Leo Morris: The Indiana governor gets a big raise


People keep saying government should be run like a business.

If you are one of them, consider this option. If your company needed a new president, which would you prefer: An outsider with demonstrable management skills but no knowledge of your product, service or customer base or the best candidate from within the company, one with a proven track record in every department?

I’ve been around enough poorly run companies to know it really isn’t, but the answer should be obvious. If you can’t promote from within, you’ve been doing something wrong.

I ask the question because I realize I’ve been part of the “throw the bums out” movement for most of my journalistic career. I could probably find scores of editorials and columns in which I’ve written along the lines of “the problem with career politicians” and “the evils of politics as a profession” and “we need to drain the swamp.”

There is a lot of truth in this point of view. There is a swamp (or, rather, are swamps; there are federal, state and local varieties). Government at all levels is overburdened with people who have made running for office their whole lives, people with no knowledge of and little love for the private sector.

But by focusing too much on that perspective, we’ve helped create a bizarre situation in which the people seeking elective office must profess a deep animosity for the very thing they are engaged in. Elect me — I’m an outsider, and I’ll get in there and break things. I hate politicians as much as you do, so please, please make me your favorite politician.

How odd. It’s like looking for an atheist to seek the papacy or asking a high school dropout to be your college president.

And an important consideration is being overlooked: This nation was founded by career politicians.

James Madison, father of the Constitution, first won a seat in the Virginia legislature at 25. John Adams began his political career in 1774. John Jay spent 27 years in public service. Alexander Hamilton became involved in politics almost as soon as he arrived in this country.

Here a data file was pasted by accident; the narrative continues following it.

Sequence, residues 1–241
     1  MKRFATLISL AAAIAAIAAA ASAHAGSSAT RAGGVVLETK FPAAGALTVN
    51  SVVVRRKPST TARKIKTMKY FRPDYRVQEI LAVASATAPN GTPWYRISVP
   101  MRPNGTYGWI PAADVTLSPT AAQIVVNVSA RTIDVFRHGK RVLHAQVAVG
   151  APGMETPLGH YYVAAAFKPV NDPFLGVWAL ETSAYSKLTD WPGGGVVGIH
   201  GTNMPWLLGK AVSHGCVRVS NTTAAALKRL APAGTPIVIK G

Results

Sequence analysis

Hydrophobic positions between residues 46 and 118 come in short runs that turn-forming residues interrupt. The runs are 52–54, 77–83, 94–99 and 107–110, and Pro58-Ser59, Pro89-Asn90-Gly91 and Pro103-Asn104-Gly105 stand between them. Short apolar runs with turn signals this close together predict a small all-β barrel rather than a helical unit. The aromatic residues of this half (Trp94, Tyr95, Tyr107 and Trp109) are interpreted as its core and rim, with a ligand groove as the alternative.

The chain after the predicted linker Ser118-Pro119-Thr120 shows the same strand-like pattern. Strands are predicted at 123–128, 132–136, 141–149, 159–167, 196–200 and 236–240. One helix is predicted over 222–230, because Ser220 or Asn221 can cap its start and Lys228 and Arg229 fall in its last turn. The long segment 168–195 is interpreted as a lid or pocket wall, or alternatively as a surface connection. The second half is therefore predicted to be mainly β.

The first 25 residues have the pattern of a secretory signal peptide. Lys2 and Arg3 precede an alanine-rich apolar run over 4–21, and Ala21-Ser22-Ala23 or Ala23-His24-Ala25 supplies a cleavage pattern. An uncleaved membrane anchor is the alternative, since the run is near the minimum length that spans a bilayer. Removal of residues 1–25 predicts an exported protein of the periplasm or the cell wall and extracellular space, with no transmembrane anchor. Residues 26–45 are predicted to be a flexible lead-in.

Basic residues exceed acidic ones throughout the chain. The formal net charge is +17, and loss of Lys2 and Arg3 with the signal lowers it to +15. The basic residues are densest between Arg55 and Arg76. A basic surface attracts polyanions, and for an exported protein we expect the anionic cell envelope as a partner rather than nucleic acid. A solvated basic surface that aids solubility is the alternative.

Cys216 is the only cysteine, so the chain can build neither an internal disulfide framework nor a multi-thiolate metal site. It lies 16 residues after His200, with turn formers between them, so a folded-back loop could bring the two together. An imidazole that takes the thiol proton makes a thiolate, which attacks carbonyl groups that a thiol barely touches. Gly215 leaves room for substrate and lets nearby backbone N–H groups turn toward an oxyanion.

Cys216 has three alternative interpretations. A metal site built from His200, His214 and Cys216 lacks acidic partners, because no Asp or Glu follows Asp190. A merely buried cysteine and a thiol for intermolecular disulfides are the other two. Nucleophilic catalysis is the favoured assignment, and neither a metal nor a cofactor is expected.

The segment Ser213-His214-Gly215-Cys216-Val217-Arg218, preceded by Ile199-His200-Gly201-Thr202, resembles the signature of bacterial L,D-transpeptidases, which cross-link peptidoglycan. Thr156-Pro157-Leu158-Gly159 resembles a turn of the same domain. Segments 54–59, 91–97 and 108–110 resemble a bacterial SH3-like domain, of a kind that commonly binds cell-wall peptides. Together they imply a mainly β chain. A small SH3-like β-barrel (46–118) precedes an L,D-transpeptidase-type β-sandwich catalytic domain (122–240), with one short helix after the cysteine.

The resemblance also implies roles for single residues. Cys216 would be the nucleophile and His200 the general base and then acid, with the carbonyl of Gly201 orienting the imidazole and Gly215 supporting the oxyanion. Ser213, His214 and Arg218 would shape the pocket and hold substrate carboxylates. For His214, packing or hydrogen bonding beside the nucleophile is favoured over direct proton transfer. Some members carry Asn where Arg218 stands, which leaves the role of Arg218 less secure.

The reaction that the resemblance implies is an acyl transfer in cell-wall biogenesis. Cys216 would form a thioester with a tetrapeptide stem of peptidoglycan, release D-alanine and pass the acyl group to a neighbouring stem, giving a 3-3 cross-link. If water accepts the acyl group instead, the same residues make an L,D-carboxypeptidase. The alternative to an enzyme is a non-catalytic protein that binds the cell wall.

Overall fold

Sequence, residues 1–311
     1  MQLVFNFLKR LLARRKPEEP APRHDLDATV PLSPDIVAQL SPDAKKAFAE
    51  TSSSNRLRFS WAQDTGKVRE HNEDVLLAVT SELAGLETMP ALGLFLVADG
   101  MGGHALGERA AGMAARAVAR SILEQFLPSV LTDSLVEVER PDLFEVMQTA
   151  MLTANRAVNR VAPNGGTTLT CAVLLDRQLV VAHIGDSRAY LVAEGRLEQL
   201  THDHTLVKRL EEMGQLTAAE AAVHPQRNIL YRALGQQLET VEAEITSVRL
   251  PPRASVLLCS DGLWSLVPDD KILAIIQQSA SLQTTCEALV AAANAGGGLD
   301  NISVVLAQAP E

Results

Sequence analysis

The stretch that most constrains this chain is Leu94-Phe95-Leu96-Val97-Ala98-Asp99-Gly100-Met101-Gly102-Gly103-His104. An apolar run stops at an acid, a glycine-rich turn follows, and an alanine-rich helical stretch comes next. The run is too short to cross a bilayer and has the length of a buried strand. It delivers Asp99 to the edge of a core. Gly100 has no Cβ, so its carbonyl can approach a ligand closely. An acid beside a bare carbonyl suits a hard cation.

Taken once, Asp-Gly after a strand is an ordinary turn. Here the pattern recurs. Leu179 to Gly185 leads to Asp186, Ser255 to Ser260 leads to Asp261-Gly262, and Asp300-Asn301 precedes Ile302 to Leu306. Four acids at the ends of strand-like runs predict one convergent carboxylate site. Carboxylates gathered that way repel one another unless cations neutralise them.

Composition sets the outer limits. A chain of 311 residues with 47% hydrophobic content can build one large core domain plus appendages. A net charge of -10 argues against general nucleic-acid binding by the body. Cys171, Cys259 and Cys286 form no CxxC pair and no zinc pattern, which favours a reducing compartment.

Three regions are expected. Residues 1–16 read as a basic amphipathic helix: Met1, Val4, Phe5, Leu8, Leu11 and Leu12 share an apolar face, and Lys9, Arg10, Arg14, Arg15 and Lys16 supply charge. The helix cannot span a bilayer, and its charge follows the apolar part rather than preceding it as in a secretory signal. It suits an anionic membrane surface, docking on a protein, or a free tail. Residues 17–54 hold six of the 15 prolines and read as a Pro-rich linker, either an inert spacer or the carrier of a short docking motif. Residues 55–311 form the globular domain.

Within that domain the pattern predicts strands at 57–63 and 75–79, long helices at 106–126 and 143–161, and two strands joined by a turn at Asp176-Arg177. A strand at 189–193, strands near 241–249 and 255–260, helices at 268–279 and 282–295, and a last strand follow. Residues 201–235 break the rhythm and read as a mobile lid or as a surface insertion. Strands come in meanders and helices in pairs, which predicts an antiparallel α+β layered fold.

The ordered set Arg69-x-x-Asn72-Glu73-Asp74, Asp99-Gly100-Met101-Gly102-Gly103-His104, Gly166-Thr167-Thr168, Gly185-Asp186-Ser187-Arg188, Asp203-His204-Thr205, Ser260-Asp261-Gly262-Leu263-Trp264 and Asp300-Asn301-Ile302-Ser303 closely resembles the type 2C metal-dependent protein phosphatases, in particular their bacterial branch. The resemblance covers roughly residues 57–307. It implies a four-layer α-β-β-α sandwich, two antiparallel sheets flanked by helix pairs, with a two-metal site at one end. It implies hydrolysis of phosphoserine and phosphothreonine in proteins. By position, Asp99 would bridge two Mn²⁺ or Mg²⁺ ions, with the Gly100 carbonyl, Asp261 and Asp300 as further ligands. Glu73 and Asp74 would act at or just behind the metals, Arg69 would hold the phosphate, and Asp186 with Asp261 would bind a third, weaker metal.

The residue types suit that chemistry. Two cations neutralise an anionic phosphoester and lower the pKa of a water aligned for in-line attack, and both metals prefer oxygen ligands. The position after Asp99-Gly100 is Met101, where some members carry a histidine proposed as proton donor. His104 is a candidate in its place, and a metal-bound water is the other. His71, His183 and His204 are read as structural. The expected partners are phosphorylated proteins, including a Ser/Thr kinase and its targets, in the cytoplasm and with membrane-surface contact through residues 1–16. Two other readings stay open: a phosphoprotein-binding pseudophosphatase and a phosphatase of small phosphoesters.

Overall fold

Thomas Jefferson, the genius behind the Declaration of Independence, was elected to the Virginia House of Burgesses in 1769 and worked in politics for the next 40 years. Even George Washington, the so-called nonpolitician of the bunch, won a seat in the Virginia legislature in 1758 at 26 and served there until the Revolution.

Of course, there is one major difference between those career politicians and the ones who walk the halls of power today, a difference the Indiana General Assembly made me think about with its most audacious action in the recently ended session.

In the middle of the night, with no public notice and no discussion, our legislators sneaked through a series of breathtaking raises for the governor and other top elected state officials. The next governor will enjoy a raise of 48%, becoming the fifth-highest paid state chief executive in the nation instead of the 34th. The lieutenant governor gets a whopping 60% bump, the attorney general 45% and auditor, treasurer and secretary of state 39% each.

Whew. Lawmakers did it the way they did it for a reason. Employees who pilfer from the company’s petty cash do not do it in the middle of the day, carrying the loot out for all to see.

The founders were like a startup. Today’s careerists are more like big business functionaries. They’re afraid of asking hard questions about the status quo, adamantly opposed to thinking boldly and taking risks. They’re not even CEO material. They are mediocre middle managers.

So the problem isn’t that we’re rewarding career politicians. It’s that we are encouraging the wrong kind of career politicians. If we identified and nurtured more of the good ones, we wouldn’t feel such a great need for outsiders to come in and start throwing bombs.

Yes, I know, they’re few and far between. But that has always been the case. How very lucky we were that one time.

Leo Morris, columnist for Indiana Policy Review, is winner of the Hoosier State Press Association’s award for best editorial writer. Morris, as opinion editor of the Fort Wayne News-Sentinel, was named a finalist in editorial writing by the Pulitzer Prize committee. Contact him at [email protected].

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